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  THE LOW INCOME & URBAN HOUSING BLOG  

Sunday, November 30, 2014

Small California City Decides To Not Make Their Low Income Housing Look So... Well, Low Income!

Hickman California Low Income Housing

One of the big complaints that often gets in the way of approved building for public housing is how it is going to affect home values in the surrounding community. This is a legitimate concern. But what if the public housing did not resemble public housing at all? What if it blended in with the community? One California community may have found an answer that will open doors to increased building of low-income housing.

What we can learn from Hickman

Hickman, California, is a tiny city of just 641 residents as of 2010, located east of Modesto in Stanislaus County, California. Developer Wendell Naraghi is looking for approval from the city to build more of his popular single-story duplexes. Why are they so popular? Because they are not huge apartment complexes that look anything like low-income housing. They blend in with the neighborhood.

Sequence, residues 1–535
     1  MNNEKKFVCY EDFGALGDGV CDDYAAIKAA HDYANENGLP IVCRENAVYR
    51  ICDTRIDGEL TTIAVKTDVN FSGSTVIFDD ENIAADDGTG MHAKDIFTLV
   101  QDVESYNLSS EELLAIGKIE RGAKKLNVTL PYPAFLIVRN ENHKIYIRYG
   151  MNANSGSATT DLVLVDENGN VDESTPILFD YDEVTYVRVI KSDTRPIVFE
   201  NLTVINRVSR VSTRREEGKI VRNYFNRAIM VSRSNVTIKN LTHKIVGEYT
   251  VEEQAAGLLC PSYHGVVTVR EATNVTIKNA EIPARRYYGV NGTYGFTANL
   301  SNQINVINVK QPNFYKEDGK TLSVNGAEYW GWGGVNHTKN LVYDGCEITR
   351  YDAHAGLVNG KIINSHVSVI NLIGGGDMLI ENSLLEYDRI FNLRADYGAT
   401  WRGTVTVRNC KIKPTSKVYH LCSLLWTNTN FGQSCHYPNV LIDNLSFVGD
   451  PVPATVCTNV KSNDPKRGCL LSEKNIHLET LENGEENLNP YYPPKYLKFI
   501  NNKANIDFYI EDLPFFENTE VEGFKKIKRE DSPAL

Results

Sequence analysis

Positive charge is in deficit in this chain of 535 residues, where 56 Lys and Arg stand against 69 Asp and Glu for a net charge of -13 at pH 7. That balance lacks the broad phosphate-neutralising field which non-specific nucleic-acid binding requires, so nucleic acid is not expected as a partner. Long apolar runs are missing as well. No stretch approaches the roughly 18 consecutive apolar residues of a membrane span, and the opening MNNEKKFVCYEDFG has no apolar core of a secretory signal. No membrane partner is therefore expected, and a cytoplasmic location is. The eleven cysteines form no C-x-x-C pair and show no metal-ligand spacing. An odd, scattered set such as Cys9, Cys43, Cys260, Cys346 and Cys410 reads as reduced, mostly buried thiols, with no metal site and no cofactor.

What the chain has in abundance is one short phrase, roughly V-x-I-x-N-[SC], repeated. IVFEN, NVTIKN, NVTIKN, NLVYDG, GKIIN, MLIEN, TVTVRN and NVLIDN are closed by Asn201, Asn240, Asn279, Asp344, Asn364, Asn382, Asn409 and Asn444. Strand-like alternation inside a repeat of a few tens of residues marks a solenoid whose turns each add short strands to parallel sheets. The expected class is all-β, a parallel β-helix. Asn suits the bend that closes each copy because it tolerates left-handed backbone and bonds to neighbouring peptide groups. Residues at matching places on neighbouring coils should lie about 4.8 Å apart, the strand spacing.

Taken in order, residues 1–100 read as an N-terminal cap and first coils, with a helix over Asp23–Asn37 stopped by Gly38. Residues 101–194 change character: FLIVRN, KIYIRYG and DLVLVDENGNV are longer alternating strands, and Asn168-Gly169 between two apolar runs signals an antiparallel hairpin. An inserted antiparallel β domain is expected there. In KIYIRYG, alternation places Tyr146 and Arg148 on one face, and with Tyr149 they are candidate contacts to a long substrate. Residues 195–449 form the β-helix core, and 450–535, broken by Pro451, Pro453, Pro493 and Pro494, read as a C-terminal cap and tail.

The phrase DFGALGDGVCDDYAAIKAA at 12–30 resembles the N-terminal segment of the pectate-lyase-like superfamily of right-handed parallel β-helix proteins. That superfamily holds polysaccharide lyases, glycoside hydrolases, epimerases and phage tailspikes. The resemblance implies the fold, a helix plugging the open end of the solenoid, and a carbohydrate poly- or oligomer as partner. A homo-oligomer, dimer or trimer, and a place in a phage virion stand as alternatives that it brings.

Naraghi has two goals. One is to build more affordable housing for low-income residents. The second goal is to dispel myths about affordable housing. Myths is what he refers to as the two most common complaints from home owners in residential neighborhoods, that their property values will decrease and crime will increase as a result of low-income housing projects. According to Naraghi, nothing could be further from the truth.

The facts according to Naraghi

Naraghi's Project manager Wayne Bruns has explained that property values will not decrease with their project because their duplexes "would look like houses and won’t hurt the property values of homeowners." In fact, he think homeowners' property values will increase. In addition, he stated “The modern-day low-income projects are nothing like what we used to think.” If approved, the project will provide housing for up to 200 more residents in Hickman.

Perhaps this little town of Hickman, California, has found a winning way to make everyone happy, but more importantly, help increase low-income housing across the country.

For more information, visit www.modbee.com/news/local/article4083699.html


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